Zimbabwe’s national social security agency, National Social Security Authority (Nssa), has been dogged by gross mismanagement of funds and imprudent investment decisions that have prejudiced thousands of pensioners, a recent audit report has revealed.
Nssa has recently been under fire from struggling pensioners and lawmakers who felt that its meagre payouts to beneficiaries were below the poverty datum line despite investment in ailing banks, the equities market and property.
According to a report carried by an international audit firm Deloitte Advisory Services, dated October 30, Nssa has been reeling from losses stemming from loss-making deals that have eaten into the organisation’s US$1,2 billion fund.
The report says that lack of oversight after the term of the previous board lapsed resulted in management taking decisions that saw the authority sinking at a time contributions have been dwindling due to massive job cuts.
Nssa had operated without a board from the time the term of the last one expired in 2013 until Public Service minister Prisca Mupfumira on July 10 this year appointed a new board led by Robin Vela.
The report, exclusively seen by the Independent, reveals a loss of US$11,4 million with closed financial institutions, impairement of investments of US$13 million, executives paying themselves basic salaries plus benefits of more than US$6 000 per month — a figure exceeding a government cap announced last year.
A gross separation award of US$624 510 was paid to a former chief internal auditor after his contract was terminated by mutual consent with Nssa without a written approval by the board.
The authority also allowed board fees accruing to executives sitting on related companies’ boards to be paid directly to them when such fees used to be paid to Nssa for onward distribution to the executives.
“The policy should also not create conflict of interest around directors’ fees and investments and must have clear parameters on who qualifies to sit on such boards,” the report says.
The report also says surpluses emanating from the Workers Compensation Insurance Fund (WCIF), also known as the Accident Prevention Scheme, are too high. “Surpluses will continue to increase while employers are finding it difficult to pay premiums and/or the beneficiaries,” the report says. “The higher the accumulated fund in comparison with liabilities, the more tempting it will become to abuse the funds.”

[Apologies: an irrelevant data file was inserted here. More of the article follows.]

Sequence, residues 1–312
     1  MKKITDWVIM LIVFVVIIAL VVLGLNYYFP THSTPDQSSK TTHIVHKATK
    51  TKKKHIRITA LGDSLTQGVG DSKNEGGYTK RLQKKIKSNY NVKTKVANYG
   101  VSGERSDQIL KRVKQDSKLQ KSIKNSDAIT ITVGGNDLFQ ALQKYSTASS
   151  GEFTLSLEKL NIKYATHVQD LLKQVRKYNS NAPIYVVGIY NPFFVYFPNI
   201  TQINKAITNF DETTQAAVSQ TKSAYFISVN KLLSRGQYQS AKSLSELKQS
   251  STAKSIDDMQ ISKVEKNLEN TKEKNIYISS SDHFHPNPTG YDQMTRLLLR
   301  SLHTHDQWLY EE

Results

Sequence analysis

The report also notes that during the period under review, there was no reliable data for the National Pension Scheme (NPS). Unreliable data, it says, may lead to wrong recommendations being made in actuarial valuations, wrong contributions and wrong benefits being paid by Nssa, the report says.
The report further says since dollarisation in 2009, operating expenses, including staff costs, have increased at a faster rate than Nssa’s income and inflation.
Between 2009 and 2014, operating expenses relative to income were contributions and premiums(79%), investment income (353%), total income(92%), claims and benefits (652%), operating expenses (167%) and staff costs (116%).
“Nssa is a ‘cash-rich’ organisation with surpluses on the two schemes it currently manages, therefore it has been able to afford the operating expenses, however, this may be at the expense of beneficiaries whose benefits are perceived to be low,” the report says.
As at June 30 2015, the minimum level of benefits were at US$60 for old age pension, US$30 for invalidity pension, survivor’s pension US$45 worker pension US$15 child and dependent pension, as well as US$300 for funeral grant.
Another key issue noted in the report is the missing of key documentation in individual investment files such as copies of deed of transfers and share certificates, agreements of sale, proposal from sellers and analysis done, as well as recommendations at various levels.
The report says non-performing investments include Africom, Turnal, StarAfrica, Dubury investments and capital invested in closed banks. Investment of US$30 million in Capital Bank fully impaired after cancellation of its banking licence.
The report further notes that rental yield was low in 2014 resulting from unpaid rentals from the US$44 million Beitbridge Hotel.